What Is Fibromyalgia?
Fibromyalgia is a chronic disorder characterized by widespread musculoskeletal pain, often accompanied by fatigue, sleep disturbances, and a variety of other symptoms. While the exact cause remains elusive, it is believed to involve abnormalities in the central nervous system’s processing of pain signals.
What Are The Symptoms Of Fibromyalgia?
Identifying symptoms related to fibromyalgia is essential for understanding and addressing underlying issues. Here’s an overview of common indicators associated with this condition:
Widespread Musculoskeletal Pain
Persistent pain throughout the body is often characterized by tender points in specific areas.
Profound tiredness and reduced energy levels is often accompanied by unrefreshing sleep.
Insomnia, frequent awakenings, and other sleep problems contribute to overall fatigue.
Cognitive Issues (Fibro Fog)
Memory problems, difficulty concentrating, and mental confusion.
Depression, anxiety, and mood swings are common in individuals with fibromyalgia.
Frequent tension-type or migraine headaches may occur.
Irritable Bowel Syndrome (IBS)
Digestive issues such as abdominal pain, bloating, and altered bowel habits.
Sensitivity to Stimuli
Hypersensitivity to light, noise, temperature, and touch.
Causes And Risk Factors
While the exact cause is unknown, several factors may contribute to fibromyalgia, including genetic predisposition, infections, trauma, and central nervous system abnormalities. Risk factors include gender (more common in women), family history, and certain comorbid conditions like rheumatoid arthritis and lupus.
What Are The Causes?
Fibromyalgia is often triggered by an event that causes bodily damage, such as physical trauma, surgery, infection or significant psychological stress. In other cases, symptoms gradually accumulate over time with no single triggering event.
What Are The Risk Factors?
- Age: The risk of developing fibromyalgia tends to increase with age, and it is most commonly diagnosed in adults between the ages of 30 and 60. However, it can also affect younger individuals, including adolescents.
- Lupus Or Rheumatoid Arthritis: Autoimmune disorders, where the immune system mistakenly attacks healthy tissues, may be linked to fibromyalgia. The coexistence of fibromyalgia with conditions like lupus or rheumatoid arthritis is not uncommon.
- Sex: Women are more likely to be diagnosed with fibromyalgia than men. Hormonal and genetic factors may contribute to this gender difference.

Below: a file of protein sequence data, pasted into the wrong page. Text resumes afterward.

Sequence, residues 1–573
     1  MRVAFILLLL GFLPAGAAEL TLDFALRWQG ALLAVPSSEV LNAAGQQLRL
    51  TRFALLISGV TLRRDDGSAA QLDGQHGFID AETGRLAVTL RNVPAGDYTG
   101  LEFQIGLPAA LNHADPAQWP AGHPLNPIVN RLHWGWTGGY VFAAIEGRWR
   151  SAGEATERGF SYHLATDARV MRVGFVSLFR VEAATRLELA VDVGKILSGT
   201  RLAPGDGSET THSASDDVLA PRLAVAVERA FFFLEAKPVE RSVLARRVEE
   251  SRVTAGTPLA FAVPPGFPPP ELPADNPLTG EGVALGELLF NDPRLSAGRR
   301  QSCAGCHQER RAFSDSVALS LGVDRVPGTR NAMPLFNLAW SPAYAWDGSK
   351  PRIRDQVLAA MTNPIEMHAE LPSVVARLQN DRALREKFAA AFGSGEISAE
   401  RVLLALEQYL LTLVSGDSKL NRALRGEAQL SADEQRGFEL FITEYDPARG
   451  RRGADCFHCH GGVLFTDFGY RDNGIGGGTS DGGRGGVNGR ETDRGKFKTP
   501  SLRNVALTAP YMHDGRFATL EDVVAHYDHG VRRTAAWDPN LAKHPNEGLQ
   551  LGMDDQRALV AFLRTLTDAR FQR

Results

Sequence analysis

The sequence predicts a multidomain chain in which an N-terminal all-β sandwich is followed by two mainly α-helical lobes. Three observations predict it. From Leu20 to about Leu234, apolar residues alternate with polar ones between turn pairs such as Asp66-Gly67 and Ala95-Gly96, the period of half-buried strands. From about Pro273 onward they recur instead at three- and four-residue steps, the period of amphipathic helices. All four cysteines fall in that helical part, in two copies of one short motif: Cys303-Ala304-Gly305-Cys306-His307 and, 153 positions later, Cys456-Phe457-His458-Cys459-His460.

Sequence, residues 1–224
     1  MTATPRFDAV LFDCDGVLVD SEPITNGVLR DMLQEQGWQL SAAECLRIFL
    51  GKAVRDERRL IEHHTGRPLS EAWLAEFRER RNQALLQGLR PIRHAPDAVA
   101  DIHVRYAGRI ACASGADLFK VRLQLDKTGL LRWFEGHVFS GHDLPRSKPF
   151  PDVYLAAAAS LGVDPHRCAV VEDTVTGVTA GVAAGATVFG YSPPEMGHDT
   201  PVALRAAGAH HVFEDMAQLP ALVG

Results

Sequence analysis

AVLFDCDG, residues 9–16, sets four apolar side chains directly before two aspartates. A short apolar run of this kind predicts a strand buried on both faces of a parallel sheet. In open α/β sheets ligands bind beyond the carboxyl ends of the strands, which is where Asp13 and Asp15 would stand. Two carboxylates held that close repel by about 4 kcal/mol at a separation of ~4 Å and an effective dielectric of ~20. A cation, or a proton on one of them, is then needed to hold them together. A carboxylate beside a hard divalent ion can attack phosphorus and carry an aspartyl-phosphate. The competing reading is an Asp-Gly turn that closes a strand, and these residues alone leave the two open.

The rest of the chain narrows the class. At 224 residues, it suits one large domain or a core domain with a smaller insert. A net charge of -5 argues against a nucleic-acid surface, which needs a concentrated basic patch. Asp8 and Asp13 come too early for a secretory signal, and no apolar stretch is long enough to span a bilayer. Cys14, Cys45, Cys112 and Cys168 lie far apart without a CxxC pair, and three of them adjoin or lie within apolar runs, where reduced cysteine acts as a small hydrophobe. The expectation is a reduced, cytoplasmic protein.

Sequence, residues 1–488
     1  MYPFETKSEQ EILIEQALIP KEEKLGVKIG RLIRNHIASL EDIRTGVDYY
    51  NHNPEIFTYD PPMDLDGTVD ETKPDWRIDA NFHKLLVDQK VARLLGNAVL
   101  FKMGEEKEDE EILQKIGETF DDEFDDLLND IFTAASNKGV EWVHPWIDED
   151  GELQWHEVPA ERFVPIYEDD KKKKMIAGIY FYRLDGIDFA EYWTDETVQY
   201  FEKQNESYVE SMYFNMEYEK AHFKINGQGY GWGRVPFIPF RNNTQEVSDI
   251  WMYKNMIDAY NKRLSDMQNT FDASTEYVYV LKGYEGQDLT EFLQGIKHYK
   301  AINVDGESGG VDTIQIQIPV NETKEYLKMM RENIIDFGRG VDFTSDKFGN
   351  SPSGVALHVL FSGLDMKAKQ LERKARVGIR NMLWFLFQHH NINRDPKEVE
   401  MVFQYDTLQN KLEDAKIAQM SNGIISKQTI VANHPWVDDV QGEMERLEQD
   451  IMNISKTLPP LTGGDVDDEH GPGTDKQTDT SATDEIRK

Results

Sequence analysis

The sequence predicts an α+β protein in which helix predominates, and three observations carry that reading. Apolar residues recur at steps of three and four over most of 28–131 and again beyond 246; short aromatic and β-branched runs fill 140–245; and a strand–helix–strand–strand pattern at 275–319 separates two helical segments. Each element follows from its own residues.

- Stressful Or Traumatic Events: Traumatic events, whether physical or emotional, can trigger or exacerbate fibromyalgia symptoms. Chronic stress may also contribute to the development of the condition.
- Repetitive Injuries: Continuous strain or injuries, especially those affecting the musculoskeletal system, may contribute to the development or worsening of fibromyalgia symptoms.
- Illness (Such As Viral Infections): In some cases, infections, particularly viral infections, have been associated with the development of fibromyalgia. The exact relationship between these factors is an area of ongoing research.
- Family History: Genetic factors play a role in fibromyalgia, and individuals with a family history of the condition may be more susceptible.
- Obesity: Being overweight or obese is associated with an increased risk of fibromyalgia, and excess weight may contribute to the severity of symptoms. Weight management is often considered as part of the overall treatment plan.
How Is Fibromyalgia Diagnosed?
Identifying the root cause of fibromyalgia symptoms is vital for effective treatment. Medical assessments are key, and here are a few tests to start the diagnostic process:
Clinical Assessment: Healthcare providers evaluate symptoms, medical history, and perform a physical examination, including checking for tender points and the extent of widespread pain.
Fibromyalgia Tender Points: Specific anatomical points that are exceptionally sensitive to pressure.
Functional MRI: It is a specialized type of MRI that measures and maps brain activity by detecting changes in blood flow. Function MRI focuses on the functional aspects of the brain, showing areas that are active during specific tasks or in response to stimuli.
How Can We Treat Fibromyalgia
We, at Highlands Family Chiropractic, offer various treatment options to help you overcome the pain caused by fibromyalgia.
Non-Surgical Spinal Decompression
Schedule Your Appointment Today
Contact us today to book a free 15-minute consultation with our Chiropractor in Highlands Ranch! We look forward to getting you on the path to optimal health and wellness.